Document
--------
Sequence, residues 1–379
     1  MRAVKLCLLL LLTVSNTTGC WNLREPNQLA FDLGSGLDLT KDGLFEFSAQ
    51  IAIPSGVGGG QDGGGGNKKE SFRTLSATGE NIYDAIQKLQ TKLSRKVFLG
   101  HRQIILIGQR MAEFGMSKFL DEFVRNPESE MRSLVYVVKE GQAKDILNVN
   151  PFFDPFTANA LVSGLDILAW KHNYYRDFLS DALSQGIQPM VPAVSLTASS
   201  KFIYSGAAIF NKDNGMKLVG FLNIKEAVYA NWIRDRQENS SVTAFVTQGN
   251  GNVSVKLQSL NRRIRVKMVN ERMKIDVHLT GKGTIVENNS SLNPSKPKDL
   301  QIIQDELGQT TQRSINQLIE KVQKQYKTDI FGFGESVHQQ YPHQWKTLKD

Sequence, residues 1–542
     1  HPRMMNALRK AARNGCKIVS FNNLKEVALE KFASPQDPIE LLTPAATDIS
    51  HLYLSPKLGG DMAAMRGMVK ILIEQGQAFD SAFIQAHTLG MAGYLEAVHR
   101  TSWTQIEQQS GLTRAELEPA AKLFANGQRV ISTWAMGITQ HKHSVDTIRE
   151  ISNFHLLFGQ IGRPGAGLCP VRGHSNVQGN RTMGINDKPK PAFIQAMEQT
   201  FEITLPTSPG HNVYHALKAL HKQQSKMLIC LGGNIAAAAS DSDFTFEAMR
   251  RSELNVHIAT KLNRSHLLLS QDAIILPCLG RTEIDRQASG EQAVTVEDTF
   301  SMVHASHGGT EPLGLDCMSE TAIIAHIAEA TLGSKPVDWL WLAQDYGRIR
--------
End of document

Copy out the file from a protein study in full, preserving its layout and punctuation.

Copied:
Sequence, residues 1–379
     1  MRAVKLCLLL LLTVSNTTGC WNLREPNQLA FDLGSGLDLT KDGLFEFSAQ
    51  IAIPSGVGGG QDGGGGNKKE SFRTLSATGE NIYDAIQKLQ TKLSRKVFLG
   101  HRQIILIGQR MAEFGMSKFL DEFVRNPESE MRSLVYVVKE GQAKDILNVN
   151  PFFDPFTANA LVSGLDILAW KHNYYRDFLS DALSQGIQPM VPAVSLTASS
   201  KFIYSGAAIF NKDNGMKLVG FLNIKEAVYA NWIRDRQENS SVTAFVTQGN
   251  GNVSVKLQSL NRRIRVKMVN ERMKIDVHLT GKGTIVENNS SLNPSKPKDL
   301  QIIQDELGQT TQRSINQLIE KVQKQYKTDI FGFGESVHQQ YPHQWKTLKD

Sequence, residues 1–542
     1  HPRMMNALRK AARNGCKIVS FNNLKEVALE KFASPQDPIE LLTPAATDIS
    51  HLYLSPKLGG DMAAMRGMVK ILIEQGQAFD SAFIQAHTLG MAGYLEAVHR
   101  TSWTQIEQQS GLTRAELEPA AKLFANGQRV ISTWAMGITQ HKHSVDTIRE
   151  ISNFHLLFGQ IGRPGAGLCP VRGHSNVQGN RTMGINDKPK PAFIQAMEQT
   201  FEITLPTSPG HNVYHALKAL HKQQSKMLIC LGGNIAAAAS DSDFTFEAMR
   251  RSELNVHIAT KLNRSHLLLS QDAIILPCLG RTEIDRQASG EQAVTVEDTF
   301  SMVHASHGGT EPLGLDCMSE TAIIAHIAEA TLGSKPVDWL WLAQDYGRIR